I often read that Hybrid bikes offer a more upright riding position but in my experience that is not always true. The trends of recent years and probably since the early days of mountain bikes (also true for the later birth of hybrids in the 90s) is for the forward weighted stretched position, especially in the so called “sports hybrids” to be the trend. The “sporty look” that boosts sales but not aid enjoyment for less sporty types. The dilemma for me is go for the smaller frame with a shorter top tube (shorter reach) but raise the saddle way above the top of steerer tube or go for the larger frame where correct saddle height will be lower compared to the top tube and steerer tube. Both put the rider in a forward weighted and stretched position with weight on the arms and tilting the pelvis so that weight is not so much on the sit bones. The former because bars are low and latter because bars are further away. Usual geometry dictates that top tubes on a drop bar bike (road or gravel) are shorter than on a straight bar bike (hybrid) so I now wonder if the best solution for a comfortable upright position for oldies like me is to buy a gravel bike and convert to a straight bar. Off the peg straight bar gravel bikes tend to have the longer reach that is the enemy so that is not the answer. A partial but poor solution is to fit stem raisers or shorter stems ( this trend of fitting long stems is just another fashion from the past where shorter bars were the norm). That gravel bike route is not a complete solution since a gravel bike has a less relaxed geometry to a hybrid and we then lose that comfort factor. What is needed is for the bike industry to cater for us oldies that can’t ride drops like we used to! After all, In the UK my impression is that the revival of the bike sales has been driven by the “later years crisis set” like me.!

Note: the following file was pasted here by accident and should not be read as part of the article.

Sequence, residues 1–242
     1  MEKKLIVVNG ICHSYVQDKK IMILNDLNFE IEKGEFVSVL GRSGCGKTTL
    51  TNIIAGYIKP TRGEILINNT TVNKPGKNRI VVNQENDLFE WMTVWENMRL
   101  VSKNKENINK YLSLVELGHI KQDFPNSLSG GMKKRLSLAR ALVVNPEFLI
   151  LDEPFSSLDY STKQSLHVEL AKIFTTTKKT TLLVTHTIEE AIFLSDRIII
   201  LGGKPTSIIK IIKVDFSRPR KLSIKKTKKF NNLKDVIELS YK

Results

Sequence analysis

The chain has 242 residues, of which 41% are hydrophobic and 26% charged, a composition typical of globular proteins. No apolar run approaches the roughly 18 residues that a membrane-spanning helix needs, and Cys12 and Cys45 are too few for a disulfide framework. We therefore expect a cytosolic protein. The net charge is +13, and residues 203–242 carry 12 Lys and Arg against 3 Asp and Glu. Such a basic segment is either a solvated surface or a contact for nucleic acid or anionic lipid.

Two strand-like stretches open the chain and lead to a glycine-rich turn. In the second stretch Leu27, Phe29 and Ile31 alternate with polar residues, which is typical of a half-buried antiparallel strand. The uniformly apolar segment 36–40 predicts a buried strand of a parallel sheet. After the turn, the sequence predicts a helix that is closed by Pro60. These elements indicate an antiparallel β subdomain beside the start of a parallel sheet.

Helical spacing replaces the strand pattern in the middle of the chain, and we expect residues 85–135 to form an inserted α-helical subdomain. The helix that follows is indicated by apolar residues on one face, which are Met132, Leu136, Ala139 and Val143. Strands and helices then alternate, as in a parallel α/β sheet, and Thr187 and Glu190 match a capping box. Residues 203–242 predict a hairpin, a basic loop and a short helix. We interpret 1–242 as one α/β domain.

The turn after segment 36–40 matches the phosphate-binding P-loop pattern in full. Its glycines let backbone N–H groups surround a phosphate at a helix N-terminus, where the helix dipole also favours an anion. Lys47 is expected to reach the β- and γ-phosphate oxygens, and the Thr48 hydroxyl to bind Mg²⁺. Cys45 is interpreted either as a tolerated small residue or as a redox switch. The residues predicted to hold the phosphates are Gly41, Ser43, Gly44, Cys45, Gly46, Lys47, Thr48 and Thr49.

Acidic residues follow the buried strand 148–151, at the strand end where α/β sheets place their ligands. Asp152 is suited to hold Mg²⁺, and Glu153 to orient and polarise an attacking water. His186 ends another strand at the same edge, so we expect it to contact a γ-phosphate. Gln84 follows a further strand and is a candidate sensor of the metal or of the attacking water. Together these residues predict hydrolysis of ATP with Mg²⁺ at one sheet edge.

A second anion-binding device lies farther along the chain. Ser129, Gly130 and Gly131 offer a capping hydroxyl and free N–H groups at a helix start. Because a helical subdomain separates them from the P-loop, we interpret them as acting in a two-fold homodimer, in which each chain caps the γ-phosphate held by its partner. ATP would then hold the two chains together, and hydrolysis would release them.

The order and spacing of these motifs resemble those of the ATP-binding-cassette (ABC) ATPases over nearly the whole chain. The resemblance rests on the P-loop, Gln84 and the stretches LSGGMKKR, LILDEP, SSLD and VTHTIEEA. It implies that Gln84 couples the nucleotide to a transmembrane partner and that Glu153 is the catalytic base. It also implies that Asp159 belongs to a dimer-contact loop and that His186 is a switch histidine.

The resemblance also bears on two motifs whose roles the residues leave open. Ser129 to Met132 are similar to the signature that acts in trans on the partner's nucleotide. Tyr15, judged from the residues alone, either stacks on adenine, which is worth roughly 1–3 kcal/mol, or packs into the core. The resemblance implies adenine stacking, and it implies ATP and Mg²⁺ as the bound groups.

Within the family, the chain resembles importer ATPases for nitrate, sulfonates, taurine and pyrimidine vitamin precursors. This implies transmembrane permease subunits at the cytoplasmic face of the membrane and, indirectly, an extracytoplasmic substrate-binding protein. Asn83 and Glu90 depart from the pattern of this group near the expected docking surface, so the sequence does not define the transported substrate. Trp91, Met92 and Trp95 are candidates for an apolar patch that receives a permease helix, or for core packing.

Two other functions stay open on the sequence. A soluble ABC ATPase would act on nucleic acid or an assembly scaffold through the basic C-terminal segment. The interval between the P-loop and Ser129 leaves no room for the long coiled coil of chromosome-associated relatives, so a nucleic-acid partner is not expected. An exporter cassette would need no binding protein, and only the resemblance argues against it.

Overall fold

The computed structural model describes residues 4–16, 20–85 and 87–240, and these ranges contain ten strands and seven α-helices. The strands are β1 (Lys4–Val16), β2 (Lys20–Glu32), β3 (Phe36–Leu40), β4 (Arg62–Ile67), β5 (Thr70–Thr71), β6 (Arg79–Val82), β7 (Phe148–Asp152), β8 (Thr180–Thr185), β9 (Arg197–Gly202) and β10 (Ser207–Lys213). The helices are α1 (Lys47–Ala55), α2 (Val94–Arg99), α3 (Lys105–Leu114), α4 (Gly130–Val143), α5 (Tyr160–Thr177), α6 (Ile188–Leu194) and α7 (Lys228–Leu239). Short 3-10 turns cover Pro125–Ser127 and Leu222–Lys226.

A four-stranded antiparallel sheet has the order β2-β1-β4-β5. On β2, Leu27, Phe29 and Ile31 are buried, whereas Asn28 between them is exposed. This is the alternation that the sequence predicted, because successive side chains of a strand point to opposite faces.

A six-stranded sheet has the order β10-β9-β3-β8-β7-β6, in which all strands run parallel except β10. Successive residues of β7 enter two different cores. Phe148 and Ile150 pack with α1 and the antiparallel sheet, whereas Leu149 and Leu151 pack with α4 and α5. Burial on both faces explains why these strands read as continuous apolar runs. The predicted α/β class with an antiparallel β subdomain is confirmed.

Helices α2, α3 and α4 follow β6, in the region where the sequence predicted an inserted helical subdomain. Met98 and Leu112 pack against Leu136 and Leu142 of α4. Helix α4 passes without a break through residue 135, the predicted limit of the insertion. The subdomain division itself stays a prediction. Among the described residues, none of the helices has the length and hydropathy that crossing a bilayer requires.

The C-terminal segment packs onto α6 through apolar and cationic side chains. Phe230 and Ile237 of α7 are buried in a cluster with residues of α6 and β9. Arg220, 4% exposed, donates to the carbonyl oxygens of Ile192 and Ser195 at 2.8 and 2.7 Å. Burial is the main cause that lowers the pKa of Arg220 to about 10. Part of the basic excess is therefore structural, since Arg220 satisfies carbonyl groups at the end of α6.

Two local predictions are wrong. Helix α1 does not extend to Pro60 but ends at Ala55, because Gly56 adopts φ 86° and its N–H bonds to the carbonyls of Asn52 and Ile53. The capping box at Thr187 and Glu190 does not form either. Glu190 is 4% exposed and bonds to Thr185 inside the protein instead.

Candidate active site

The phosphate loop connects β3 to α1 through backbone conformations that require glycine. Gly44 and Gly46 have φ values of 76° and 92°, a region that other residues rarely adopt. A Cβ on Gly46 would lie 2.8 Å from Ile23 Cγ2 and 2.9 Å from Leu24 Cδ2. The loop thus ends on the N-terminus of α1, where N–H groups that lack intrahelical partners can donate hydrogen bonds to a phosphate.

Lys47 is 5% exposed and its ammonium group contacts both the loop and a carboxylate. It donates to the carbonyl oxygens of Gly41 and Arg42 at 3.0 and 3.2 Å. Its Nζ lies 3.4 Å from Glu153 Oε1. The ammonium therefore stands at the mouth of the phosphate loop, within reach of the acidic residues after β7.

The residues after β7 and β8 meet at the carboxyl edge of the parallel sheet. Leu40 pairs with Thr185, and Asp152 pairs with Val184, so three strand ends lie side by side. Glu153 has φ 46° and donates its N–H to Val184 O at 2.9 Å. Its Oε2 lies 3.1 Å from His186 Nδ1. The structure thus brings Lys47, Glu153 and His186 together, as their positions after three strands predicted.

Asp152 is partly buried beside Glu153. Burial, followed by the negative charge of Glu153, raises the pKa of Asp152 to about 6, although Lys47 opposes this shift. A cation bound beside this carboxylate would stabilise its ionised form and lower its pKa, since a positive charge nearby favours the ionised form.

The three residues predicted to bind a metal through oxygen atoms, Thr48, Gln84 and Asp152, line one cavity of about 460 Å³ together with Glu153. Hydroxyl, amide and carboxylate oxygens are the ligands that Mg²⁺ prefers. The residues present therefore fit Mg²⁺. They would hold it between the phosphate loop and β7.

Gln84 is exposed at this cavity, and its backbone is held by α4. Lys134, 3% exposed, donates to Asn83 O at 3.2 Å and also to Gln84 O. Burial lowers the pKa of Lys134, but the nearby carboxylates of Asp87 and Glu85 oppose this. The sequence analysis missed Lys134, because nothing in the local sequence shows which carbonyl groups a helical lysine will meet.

There are now some drop bar bikes with more upright positions – usually called ‘adventure bikes’. Think of models like the Salsa Fargo.

Very interested in 2022 Tour da Afrique
The touring bike I would like to ride will only accept up to 32 m tires. Have people rode the TdA with that width? I could put a wider tire on the front ??

    Hi Jack
    Glad to hear you are interested in joining us! It is possible to only use a tire in that size but we highly discourage it. We recommend all riders have two sets of tires, one for the paved sections in the range of 700 x 35-40mm and another for the off road sections in the range of 700 x 45-50mm. There can be long stretches with unpaved portions including loose gravel, corrugation and dirt, and this is mixed in with a lot of climbing to make it extra difficult. Some roads can be very muddy if it rains, and can be rocky with loose gravel in parts. Having a bike that can accommodate a wider tire will help to ensure you have a safe and enjoyable experience. Please feel free to email me directly if you want to chat about this in more detail at [email protected].

Hey all, I’m interested in the Africa tour and I currently have a Cube Nuroad WS with aluminium frame and carbon fork. I see carbon frames are not recommended, would only a carbon fork also be a problem?